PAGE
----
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Wednesday, April 18, 2012

How to save money on big-ticket purchases without going crazy


The most difficult request I get from Spend Less, Shop More readers is when people write looking for 'the best deals' on appliances, laptops, cars, and other big-ticket items.  

The truth is, there's no one best deal or site I can point shoppers to for high-ticket items, particularly when used purchases are ruled out for whatever reason.  

That's because what you need an expensive item to do is often really personalized, and I can't decide for you which options are worth paying for.

For example, what looks like a great deal on a car to someone who drives a lot could be way too much money to someone else who works from home and drives a lot less.

Still, there are some basic guidelines I can offer on how to save money on big-ticket purchases without making yourself completely nuts in the process.
  • Make a list of necessary features before you start shopping.  For example, when I bought a new refrigerator last year, I knew I wanted a stainless steel fridge to match other kitchen appliances -- but that I didn't need to spend extra money on an ice maker, since my older house doesn't have a hook-up for it.  (And yes, it turns out you can still find fridges without them!)  
  • Decide what you need before you decide what you can afford.  If you set a price range before you think about features, you'll probably spend the top end of your price range, even if there are lower-priced models available that better fit your needs.  Time's MoneyLand blog has a great article about this phenomenon that's worth reading.
  • Use your smartphone for instant in-store price comparisons.  If you're in Best Buy and you see a camera you like, for example, price-check the make and model number at Amazon to see if better deals are available.  And don't assume that a bricks-and-mortar store offers the same price as the website for the same chain -- always check both.
  • Don't use credit without a plan.  Take a genuine gut check before you whip out your credit card -- what's your history in paying off bills in a timely manner?  If you're saving money now only to pay loads of interest later, it's really not a deal.  On the other hand, if your family has proven you can pay installments successfully, many furniture and appliance stores offer zero-interest deals for anywhere from 18 months to 5 years that you can take advantage of.  Many credit card companies are also offering crazy high-value rewards right now for people with great credit.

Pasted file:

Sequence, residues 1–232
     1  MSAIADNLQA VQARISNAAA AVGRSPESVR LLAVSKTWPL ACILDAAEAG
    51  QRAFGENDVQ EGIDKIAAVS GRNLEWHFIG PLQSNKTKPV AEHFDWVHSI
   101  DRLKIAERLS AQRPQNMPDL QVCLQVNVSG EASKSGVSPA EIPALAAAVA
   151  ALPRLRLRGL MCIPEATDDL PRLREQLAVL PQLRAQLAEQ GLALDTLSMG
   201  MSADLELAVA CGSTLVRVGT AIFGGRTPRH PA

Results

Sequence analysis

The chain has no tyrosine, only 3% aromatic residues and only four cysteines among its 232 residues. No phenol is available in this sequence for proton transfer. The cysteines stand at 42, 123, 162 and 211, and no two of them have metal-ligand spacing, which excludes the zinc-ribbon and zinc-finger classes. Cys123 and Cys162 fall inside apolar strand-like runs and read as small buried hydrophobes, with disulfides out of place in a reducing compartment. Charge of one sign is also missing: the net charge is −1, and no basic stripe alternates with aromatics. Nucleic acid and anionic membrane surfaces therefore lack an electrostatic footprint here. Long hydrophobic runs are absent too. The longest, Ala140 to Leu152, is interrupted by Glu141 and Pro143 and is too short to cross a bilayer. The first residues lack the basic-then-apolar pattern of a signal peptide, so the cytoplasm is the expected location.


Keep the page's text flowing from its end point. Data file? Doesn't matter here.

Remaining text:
• Stack sales and rebates or bounce-back offers whenever possible.  For example, I am getting ready to buy a new air-conditioning system for my house, which still has the original AC unit from when the house was built 20 years ago.  So I'm working with the CPS Energy-Savers program, which offers not only zero-interest or low-interest loans, but puts me in touch with reputable service companies that can handle the work.  Then, I can turn around and submit for CPS rebates that reward me for reducing my energy costs.
  • Create a 'down payment'.  Even if the store or company you're buying from doesn't require money down, it's a great psychological technique that gets you focused on paying down your purchase from the get-go.  Here are some simple ways to come up with a down payment for your purchase: sell old gold jewelry; find forgotten money; sell your clutter; review your monthly bills.
Following these six tips will help you find the perfect purchase for your family at a price you can afford -- and cut out the stress from the decision-making process, too.

What tips do you have on shopping for big-ticket purchases?  

Share your hints in the comments section below, or leave a post over on the San Antonio Budget Grocery Facebook page.

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